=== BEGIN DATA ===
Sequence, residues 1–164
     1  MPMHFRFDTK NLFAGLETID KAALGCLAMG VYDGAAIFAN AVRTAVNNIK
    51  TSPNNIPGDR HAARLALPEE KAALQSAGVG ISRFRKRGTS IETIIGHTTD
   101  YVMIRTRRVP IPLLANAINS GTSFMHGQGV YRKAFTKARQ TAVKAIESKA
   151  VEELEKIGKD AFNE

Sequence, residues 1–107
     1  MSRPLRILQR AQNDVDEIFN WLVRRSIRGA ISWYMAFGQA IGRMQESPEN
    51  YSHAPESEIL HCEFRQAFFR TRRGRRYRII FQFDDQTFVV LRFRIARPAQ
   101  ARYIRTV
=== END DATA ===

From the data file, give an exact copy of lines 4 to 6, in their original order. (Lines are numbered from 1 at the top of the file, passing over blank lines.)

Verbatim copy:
   101  YVMIRTRRVP IPLLANAINS GTSFMHGQGV YRKAFTKARQ TAVKAIESKA
   151  VEELEKIGKD AFNE

Sequence, residues 1–107